MIAT Students Restore Classic B-52 Bomber for Yankee Air Museum
She’s 48 feet tall and dressed in camouflage. Her wingspan is 185 feet and she’s outfitted with eight engines. She has the capacity to carry 60,000 pounds of bombs—she was built to destroy. Her name is Clyde, she’s a Boeing B-52D Stratofortress, and she was placed in the hands of students from MIAT College of Technology who have been given the job to restore her to her original glory.
Airplane survives 600 missions but nearly succumbs to weather
It was December 1972. The Vietnam War was in its 17th year and on its third U.S. President. U.S. National Security Advisor Henry Kissinger returned from Paris defeated, after negotiations with North and South Vietnam ended in an impasse. In January, Congress would convene and cut off all funding for the war, which would give North Vietnam a victory by default. President Richard Nixon was convinced the U.S. could win the war, but he had limited time and resources. Feeling pressure, Nixon made an executive decision: to use force.
Operation Linebacker II was vicious. It was the largest bombing campaign in the Vietnam War, and the most powerful weapons in the U.S. air arsenal were front and center: B-52s. On December 18th, over 200 B-52s—including Clyde—rose to the sky from Anderson Air Force Base in Guam and U-Tapao Royal Thai Air Force Base in Thailand. They showered over 5,200 tons of bombs along the 60-mile corridor between Hanoi and Haiphong, North Vietnam’s two largest cities. An operation that began in secret, it immediately drew protest from Americans who dubbed it the “Christmas Bombing”. Despite outrage from American citizens who considered the campaign inhumane, especially considering the holiday season, Nixon refused to relent. Bombs were showered for eleven days, until finally, North Vietnam agreed to resume peace talks. Kissinger returned to Paris on January 9th and negotiations were struck.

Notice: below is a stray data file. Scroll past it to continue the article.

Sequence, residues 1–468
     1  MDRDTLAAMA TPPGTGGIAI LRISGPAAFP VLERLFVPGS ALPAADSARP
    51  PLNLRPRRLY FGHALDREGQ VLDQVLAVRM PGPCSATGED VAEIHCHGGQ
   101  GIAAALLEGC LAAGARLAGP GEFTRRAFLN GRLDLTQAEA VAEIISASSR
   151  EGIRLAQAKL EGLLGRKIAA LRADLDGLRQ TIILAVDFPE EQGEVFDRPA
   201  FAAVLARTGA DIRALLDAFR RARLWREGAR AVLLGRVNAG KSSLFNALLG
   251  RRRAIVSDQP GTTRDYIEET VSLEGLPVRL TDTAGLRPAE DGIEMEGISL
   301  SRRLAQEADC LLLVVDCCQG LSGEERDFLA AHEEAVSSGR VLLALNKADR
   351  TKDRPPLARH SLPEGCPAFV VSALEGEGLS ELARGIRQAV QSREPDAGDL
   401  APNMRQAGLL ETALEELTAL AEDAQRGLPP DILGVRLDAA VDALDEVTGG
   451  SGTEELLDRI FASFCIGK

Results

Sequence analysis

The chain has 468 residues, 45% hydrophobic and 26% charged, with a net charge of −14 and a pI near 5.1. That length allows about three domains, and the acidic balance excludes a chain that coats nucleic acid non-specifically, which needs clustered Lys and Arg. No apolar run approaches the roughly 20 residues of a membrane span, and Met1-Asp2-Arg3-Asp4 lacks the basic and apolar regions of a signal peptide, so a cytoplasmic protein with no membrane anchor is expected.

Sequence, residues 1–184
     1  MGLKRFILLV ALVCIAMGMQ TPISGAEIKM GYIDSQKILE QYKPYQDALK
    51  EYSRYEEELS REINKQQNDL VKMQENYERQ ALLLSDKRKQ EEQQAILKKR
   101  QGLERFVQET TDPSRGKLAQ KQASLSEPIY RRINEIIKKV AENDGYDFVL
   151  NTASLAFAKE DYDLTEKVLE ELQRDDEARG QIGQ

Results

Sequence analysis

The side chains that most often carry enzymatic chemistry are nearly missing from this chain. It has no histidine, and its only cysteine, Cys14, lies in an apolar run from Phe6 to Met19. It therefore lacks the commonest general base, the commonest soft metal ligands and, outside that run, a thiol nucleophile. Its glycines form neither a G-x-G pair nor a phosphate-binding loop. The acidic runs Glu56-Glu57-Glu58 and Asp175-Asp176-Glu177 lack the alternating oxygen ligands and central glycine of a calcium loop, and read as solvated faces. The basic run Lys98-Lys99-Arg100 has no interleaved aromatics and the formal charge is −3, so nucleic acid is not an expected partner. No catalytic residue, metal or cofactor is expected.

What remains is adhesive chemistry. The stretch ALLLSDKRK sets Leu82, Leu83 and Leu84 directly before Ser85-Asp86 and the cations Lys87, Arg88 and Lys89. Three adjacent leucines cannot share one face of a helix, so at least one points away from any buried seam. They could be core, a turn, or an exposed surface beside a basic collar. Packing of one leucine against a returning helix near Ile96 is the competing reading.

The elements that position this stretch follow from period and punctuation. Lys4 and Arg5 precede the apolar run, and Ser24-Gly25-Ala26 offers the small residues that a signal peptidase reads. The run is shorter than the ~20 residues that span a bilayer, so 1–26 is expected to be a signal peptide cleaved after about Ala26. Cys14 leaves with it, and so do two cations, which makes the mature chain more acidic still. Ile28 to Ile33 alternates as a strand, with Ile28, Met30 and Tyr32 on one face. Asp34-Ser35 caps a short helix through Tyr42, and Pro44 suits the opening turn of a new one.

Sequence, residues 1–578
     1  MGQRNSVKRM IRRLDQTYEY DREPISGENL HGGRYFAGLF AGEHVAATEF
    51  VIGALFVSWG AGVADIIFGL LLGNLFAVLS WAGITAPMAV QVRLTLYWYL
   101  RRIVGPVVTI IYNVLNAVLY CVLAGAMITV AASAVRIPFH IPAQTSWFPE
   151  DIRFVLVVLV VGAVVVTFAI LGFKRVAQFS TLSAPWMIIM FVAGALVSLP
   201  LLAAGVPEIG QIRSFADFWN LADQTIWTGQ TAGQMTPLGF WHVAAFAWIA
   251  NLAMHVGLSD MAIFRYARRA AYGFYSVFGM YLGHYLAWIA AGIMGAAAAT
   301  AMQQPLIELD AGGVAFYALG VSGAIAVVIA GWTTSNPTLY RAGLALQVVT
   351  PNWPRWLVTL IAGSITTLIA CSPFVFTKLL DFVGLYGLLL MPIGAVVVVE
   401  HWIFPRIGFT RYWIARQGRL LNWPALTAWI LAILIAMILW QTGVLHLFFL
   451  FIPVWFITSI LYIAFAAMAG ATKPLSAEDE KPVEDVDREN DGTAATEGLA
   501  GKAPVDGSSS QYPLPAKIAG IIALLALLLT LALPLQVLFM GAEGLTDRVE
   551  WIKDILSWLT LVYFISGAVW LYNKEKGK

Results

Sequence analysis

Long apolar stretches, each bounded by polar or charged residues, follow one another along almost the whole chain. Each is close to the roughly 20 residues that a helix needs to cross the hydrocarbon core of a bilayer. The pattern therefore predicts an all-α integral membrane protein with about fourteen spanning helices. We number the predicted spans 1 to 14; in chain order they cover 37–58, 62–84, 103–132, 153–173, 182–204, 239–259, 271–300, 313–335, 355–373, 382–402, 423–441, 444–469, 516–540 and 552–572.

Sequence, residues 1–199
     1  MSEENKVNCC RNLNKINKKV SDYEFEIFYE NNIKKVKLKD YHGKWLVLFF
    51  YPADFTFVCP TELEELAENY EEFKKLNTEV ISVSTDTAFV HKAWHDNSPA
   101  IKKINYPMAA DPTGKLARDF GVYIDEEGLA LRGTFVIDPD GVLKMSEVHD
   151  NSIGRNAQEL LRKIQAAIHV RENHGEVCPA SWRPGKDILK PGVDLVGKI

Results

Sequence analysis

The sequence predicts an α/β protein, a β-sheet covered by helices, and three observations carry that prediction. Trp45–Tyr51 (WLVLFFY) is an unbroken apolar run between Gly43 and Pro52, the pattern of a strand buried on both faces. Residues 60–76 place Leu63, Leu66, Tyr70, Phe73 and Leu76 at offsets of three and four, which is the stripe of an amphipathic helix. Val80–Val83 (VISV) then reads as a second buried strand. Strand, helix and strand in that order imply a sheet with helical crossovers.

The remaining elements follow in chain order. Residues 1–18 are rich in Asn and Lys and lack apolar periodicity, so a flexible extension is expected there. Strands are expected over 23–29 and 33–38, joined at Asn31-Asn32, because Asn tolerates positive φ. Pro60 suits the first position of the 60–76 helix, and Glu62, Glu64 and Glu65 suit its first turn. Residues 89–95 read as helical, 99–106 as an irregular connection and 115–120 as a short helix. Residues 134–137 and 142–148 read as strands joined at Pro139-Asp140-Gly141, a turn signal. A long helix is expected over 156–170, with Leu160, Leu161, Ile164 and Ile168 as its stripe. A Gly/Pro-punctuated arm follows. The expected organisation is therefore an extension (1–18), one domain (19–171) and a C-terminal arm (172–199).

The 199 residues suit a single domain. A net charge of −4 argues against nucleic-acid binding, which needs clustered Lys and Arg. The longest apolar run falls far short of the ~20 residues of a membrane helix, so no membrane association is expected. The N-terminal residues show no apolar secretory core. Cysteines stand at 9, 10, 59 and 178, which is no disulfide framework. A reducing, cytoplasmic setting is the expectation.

Clyde flew over 600 missions during the Vietnam War, and while many of her colleagues fell, she survived—only once getting a surface-to-air missile caught in her wing. After a tumultuous life fighting above the jungles and mountains of Vietnam, she rested at the Carswell Air Force Base in Texas. The Boeing jet took her final flight October 26, 1983, when she flew to Willow Run Airport in Ypsilanti Michigan. There, she was dedicated to the aircrews who lost their lives in South East Asia during the war, and she retired as part of the Yankee Air Museum’s collection. Unfortunately, Michigan winters are unkind, and she was not built to sit idle and exposed. Portions of the jet were made of magnesium, and after sitting for over thirty years, had deteriorated. What was once a mighty player in the mass carpet-bombing of North Vietnam sat corroding on the tarmac at Willow Run Airport.
Yankee Air Museum chooses Clyde as Centerpiece
Yankee Air Museum loves having the B-52 in their collection; however, for years red tape kept them from modifying, or even repairing, the bomber. Eventually, it had fallen into serious disrepair. A recent change in early 2015 gave Yankee Air control over Clyde’s fate, and as they build their new museum, they plan to restore her and promoter her as the centerpiece of their collection. Even though she will never fly again, she will sit as a testament to the strength and power of the U.S. Air Force in her own specially designed showcase. It was time to finally repair Clyde.
When Yankee Air Museum approached MIAT College of Technology in early summer with a Winter 2015
deadline, the school immediately leapt at the challenge. MIAT is a nearby world-class technical college with an Aviation Maintenance Technology program and the students to take on the task. Beginning in mid-July, instructors Craig Vassel and Dave Howe took their day and afternoon Advanced Sheetmetal classes to Willow Run Airport and began the process, fixing the disrepair one wing at a time.
It’s July. Clyde sits alone on a patch of brown-tipped grass, unassuming and tucked away from the runway traffic. The paint on her camouflage top and black belly has slowly chipped away, weeds breaking through the ground and hugging her wheels. Scaffolding spans the length of the 185 foot wings, with ladders climbing upwards of ten feet to reach the top. Toolboxes, generators, and water bottles are scattered beneath her. The summer sun beats down on the aluminum, intensifying the already high temperatures. Dressed as coolly as they can, as many as 30 students at a time spend entire class periods dissecting—and then restoring—the historic plane.
MIAT Students learn by doing the restoration